Curtis F. Dowling, Attorney
Curtis Dowling has substantial litigation experience in a wide variety of real estate cases. He has litigated hundreds of residential and commercial evictions, and rent control exemption cases, in San Francisco County and the greater Bay Area. In addition to his extensive experience in landlord-tenant litigation, he has significant experience representing property owners and managers in contract claims, boundary disputes, quiet title and partition actions, lease breach cases, complex construction defect litigation, tenant habitability cases (including class actions), code enforcement actions, and mechanic's liens claims, amongst others.
In addition, Mr. Dowling successfully litigated two constitutional lawsuits against the City and County of San Francisco, on behalf of property owners, which resulted in the facial invalidation of two San Francisco ordinances, which restricted the rights of property owners. In one case, O'Hara v. City and County of San Francisco, Mr. Dowling facially invalidated San Francisco's very first moratorium on owner move-in evictions against certain classes of protected tenants (the precursor to Prop G), in 1998. In the other, John Hickey Brokerage Company v. City and County of San Francisco, Mr. Dowling invalidated San Francisco Planning Code § 209.10 in 1999, a statute which attempted to frustrate, impede, and hinder the withdrawal of rental units under the Ellis Act for owner-occupancy, by attempting to require owners to obtain conditional use permits to owner-occupy their own residential properties when such occupancy was already a principally-permitted use.
Mr. Dowling has represented clients in jury and bench trials in state and federal court, and in administrative hearings before administrative agencies (for example, the San Francisco and Oakland Rent Boards). In addition to representing residential landlords and commercial landlords and tenants in many forms of real estate litigation, he has also litigated personal injury, civil rights, securities law, employment law, and business law claims in state and federal court as well.
Mr. Dowling also primarily handles Beckman, Marquez & Dowling's appellate practice, having started his legal career as an appellate and constitutional lawyer. He briefs and argues many kinds of appeals in both the state and federal courts of appeal. In a more recent appeal, Mr. Dowling secured the reversal of a nearly $700,000.00 judgment against his client (a commercial tenant) for damages arising from a broken lease, and an order directing the trial court to instead enter judgment in favor of his client based on claim preclusion, i.e., res judicata (the landlord had secured a prior judgment in small claims court for $5,000.00 for "unpaid rent" after terminating the tenancy for non-payment of rent).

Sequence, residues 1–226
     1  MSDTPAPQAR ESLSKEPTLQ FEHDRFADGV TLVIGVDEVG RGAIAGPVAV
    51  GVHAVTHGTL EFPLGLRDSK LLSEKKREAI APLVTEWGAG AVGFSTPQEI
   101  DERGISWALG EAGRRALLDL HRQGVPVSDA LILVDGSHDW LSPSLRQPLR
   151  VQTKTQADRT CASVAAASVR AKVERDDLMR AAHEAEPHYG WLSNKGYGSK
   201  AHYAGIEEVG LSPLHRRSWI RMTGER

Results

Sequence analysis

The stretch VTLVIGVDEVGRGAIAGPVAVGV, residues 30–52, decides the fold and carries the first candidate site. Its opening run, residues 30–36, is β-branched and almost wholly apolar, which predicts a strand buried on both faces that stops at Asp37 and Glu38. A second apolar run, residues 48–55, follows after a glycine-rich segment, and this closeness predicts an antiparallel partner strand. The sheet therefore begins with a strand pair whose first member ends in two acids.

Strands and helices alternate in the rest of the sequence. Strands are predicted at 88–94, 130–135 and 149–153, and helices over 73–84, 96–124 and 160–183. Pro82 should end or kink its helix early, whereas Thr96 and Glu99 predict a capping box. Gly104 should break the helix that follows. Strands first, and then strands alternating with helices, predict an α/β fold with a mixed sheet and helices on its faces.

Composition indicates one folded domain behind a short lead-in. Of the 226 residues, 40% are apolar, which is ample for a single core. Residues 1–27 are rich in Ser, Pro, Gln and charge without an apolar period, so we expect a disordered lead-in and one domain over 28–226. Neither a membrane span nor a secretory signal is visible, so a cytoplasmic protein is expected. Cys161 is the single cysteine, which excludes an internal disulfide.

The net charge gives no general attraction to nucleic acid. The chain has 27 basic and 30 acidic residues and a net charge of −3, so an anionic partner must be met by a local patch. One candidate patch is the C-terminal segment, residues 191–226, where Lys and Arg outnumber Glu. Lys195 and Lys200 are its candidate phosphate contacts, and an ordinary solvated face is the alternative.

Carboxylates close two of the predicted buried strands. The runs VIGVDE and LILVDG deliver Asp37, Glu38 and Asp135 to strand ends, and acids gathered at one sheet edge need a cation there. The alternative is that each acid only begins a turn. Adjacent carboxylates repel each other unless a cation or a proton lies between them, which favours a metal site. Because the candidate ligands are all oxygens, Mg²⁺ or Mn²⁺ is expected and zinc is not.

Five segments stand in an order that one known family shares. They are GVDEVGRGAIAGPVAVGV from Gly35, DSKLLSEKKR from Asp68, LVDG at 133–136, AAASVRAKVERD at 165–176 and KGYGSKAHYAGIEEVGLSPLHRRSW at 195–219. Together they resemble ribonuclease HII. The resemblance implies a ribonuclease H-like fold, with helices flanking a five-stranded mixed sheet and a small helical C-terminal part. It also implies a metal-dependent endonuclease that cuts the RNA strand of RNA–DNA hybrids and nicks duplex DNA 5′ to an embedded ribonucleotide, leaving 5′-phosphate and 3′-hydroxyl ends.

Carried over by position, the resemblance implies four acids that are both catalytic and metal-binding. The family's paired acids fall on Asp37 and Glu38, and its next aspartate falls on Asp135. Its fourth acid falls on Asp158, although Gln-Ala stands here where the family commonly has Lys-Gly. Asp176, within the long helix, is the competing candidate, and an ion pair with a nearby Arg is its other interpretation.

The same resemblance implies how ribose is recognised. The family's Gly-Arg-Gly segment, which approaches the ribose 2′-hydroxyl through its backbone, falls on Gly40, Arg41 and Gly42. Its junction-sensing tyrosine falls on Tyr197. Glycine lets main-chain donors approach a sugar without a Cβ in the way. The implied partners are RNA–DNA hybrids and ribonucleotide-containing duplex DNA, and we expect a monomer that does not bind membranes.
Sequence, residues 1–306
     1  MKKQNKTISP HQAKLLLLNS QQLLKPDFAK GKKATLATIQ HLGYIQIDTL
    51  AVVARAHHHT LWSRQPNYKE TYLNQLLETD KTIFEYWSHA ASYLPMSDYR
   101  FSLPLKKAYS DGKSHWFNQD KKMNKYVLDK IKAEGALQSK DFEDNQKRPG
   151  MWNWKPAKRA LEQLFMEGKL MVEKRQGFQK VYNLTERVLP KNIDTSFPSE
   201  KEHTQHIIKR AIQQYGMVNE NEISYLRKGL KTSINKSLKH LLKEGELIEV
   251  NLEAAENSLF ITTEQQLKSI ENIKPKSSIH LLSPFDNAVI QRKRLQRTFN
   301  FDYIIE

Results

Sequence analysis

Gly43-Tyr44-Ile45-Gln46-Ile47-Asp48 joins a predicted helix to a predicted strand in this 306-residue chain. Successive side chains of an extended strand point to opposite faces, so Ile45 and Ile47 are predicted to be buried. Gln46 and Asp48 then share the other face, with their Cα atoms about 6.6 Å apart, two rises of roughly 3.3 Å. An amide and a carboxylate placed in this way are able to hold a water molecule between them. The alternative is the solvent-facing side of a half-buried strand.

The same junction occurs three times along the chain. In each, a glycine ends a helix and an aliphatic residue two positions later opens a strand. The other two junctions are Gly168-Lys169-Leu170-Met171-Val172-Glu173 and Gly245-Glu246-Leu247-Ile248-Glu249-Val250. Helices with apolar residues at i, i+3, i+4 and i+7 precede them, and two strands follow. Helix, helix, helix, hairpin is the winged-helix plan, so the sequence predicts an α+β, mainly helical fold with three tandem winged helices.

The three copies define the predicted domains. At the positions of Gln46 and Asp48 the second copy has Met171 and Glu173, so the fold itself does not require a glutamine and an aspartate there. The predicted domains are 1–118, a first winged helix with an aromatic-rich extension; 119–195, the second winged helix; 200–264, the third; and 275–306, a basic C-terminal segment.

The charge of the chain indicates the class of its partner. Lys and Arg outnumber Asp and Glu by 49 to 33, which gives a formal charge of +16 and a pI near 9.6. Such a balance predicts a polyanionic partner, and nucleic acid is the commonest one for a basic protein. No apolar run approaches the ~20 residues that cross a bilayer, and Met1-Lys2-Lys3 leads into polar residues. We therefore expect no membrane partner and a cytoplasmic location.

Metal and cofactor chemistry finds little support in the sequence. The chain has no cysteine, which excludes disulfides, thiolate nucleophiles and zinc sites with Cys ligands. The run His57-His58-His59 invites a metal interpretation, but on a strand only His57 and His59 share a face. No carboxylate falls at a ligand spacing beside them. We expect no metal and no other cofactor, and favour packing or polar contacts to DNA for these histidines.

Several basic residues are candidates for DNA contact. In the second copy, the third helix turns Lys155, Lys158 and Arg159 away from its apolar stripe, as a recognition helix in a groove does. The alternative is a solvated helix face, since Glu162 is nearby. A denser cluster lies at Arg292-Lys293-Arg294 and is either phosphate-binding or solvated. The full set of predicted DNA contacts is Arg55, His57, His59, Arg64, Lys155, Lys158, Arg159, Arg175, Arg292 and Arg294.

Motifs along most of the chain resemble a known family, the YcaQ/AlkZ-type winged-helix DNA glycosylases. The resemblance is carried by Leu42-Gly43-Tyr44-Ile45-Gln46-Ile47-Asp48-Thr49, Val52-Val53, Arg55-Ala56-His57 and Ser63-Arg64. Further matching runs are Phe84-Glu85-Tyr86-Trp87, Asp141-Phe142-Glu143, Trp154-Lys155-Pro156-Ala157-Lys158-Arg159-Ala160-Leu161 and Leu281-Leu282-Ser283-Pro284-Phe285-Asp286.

Mr. Dowling also assists clients in real estate transactional matters and disputes, as well as the formation of TIC's.
For many years now, Mr. Dowling has been a regular MCLE (mandatory continuing legal education) lecturer in San Francisco and Oakland, teaching lawyers, property managers, and other real estate professionals various aspects of commercial and residential landlord-tenant litigation and practice, especially rent and eviction control systems. He has also been a contributor to the San Francisco Apartment Association Magazine many times, and regularly teaches courses for the San Francisco Apartment Association.
|Education:||University of Pennsylvania B.A.|
U.S. District Court Northern District of California
U.S. Court of Appeals 9th Circuit
Listing provided by FindLaw. How to update or change your listing?
|San Francisco Real Estate Lawyer|
Stabbing leads to questions about trying juveniles as adults
Do we try juveniles as adults in an attempted homicide crime?
by Paul Bucher
Arizona DUI Charges – What You Should Know About Implied Consent
Implied Consent and Admin Per Se in DUI cases. What does it mean?
by Christopher Ariano
How Do Independent Contractors Affect the Liability of a Company?
Since independent contractors are considered self-employed individuals, they should report their income and pay the appropriate taxes on their own. The company hiring them is not required to provide benefits or follow minimum wage laws.
by James Hoffmann